FORMER footballer Paul Bracewell has said he will consider High Court action to resolve a long-running planning dispute over houses he wants to build on his land.

The former England, Sunderland and Newcastle player says the dispute dates back more than 16 years, when the house and garden belonging to him and wife Carol, at Fernhill, Durham, were included within the designated green belt by the now defunct Durham City Council.

He said Durham County Council has since informed him verbally and in writing that there was no ‘justification or rationale’ for its inclusion and accused them of failing to rectify the situation by removing it or approving his plan for four detached dwellings with garages.

Mr Bracewell said: “The whole saga has been very frustrating to say the least.

“I found out in 2003, when I first considered applying for planning permission to build on my land, that my property had been included in the greenbelt, a situation that the council confirmed in writing was without justification or rationale.

“Despite this error the council have failed to correct their error and take responsibility for it.

“More frustratingly after years of correspondence, rather than correct their initial error, they then advised me in 2004 to pursue the removal via the local plan.

“Then at the Inspector’s hearing to remove from the greenbelt they gave inadequate answers to the straightforward questions by the Inspector, and the green belt removal was declined.”

The county council, however, insists it was the Government planning inspector who felt it should remain and going against that would stall the adoption of a new County Durham Plan – a vision for all development across the county until 2035.

Mike Allum, Durham County Council’s spatial policy manager, said: “Mr Bracewell’s land was designated as green belt by a government planning inspector in adopting the City of Durham Local Plan in 2004.

“Following several rounds of public consultation, the inspector agreed with a proposal that it be such from the defunct Durham City Council.

“Subsequently Mr Bracewell made the case to us that his land should not be part of the green belt around Durham City. We advised him that national policy dictates that green belt boundaries can only be altered where exceptional circumstances are fully evidenced and justified, through the preparation of a local plan.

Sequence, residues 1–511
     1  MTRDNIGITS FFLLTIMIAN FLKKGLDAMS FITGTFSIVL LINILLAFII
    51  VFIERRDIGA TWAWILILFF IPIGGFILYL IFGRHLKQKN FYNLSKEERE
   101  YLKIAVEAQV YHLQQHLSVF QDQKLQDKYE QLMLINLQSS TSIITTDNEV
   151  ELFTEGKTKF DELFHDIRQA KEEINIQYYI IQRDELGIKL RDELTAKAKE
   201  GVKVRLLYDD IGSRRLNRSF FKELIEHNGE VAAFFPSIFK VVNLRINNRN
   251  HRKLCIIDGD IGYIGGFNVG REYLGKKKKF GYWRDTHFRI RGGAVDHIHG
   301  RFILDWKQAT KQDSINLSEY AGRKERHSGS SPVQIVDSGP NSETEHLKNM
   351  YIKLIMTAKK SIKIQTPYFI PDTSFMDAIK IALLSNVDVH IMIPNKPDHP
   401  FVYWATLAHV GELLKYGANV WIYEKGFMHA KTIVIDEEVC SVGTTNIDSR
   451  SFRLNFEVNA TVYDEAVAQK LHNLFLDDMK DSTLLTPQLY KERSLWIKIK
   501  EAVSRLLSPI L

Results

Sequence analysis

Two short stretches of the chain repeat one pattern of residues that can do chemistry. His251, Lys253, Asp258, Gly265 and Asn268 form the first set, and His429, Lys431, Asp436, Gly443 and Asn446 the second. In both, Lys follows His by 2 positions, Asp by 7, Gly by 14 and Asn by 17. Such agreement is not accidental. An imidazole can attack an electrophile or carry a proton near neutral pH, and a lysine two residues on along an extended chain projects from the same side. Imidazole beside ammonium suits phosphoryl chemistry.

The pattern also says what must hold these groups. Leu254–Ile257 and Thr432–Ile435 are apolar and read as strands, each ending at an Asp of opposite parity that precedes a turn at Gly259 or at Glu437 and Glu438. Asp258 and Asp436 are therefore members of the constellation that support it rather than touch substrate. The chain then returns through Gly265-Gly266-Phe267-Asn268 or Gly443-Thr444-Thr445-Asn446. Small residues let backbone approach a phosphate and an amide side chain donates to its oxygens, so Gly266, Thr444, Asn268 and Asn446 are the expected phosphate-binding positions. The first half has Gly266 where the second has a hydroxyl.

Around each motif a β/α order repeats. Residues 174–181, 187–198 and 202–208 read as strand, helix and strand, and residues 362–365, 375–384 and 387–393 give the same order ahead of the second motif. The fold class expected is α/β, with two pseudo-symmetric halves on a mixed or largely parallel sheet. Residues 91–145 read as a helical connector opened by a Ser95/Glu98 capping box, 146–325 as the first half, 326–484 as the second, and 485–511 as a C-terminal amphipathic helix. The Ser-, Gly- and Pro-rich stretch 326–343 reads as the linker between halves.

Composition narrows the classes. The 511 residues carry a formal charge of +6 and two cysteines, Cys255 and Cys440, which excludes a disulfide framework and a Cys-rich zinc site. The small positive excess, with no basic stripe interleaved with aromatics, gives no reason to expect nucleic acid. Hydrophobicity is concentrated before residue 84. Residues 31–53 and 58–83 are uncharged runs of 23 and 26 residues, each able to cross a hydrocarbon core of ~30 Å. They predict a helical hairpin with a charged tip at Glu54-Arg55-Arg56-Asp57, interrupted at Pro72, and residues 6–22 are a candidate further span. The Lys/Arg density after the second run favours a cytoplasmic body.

“Having considered the evidence, we agreed a case could be made for exceptional circumstances for Mr Bracewell’s land to be removed and in the preparation of the County Durham Plan (CDP), we proposed that it no longer be designated as green belt.

“However having considered arguments from Mr Bracewell and ourselves, the government planning inspector examining the CDP has ruled that exceptional circumstances do not exist and that it should remain part of the green belt.

“We will not be able to adopt the County Durham Plan if we do not accept the recommendations of the planning inspector.

“We have determined planning applications from Mr Bracewell in light of local and also national planning policy which similarly safeguards green belt from development unless very special circumstances exist.

“Any future applications would be determined against the same planning policies.”

Mr Bracewell accused the council of hiding behind the Inspector and said he has the support of City of Durham MP Mary Foy.

He said: “I wanted to make it clear to the local public along with my MP for the City of Durham, Mary Foy, the clear facts surrounding my position, and that I am also prepared to go to the High Court, should this mistake not be corrected in the meantime by the council or the planning committee.”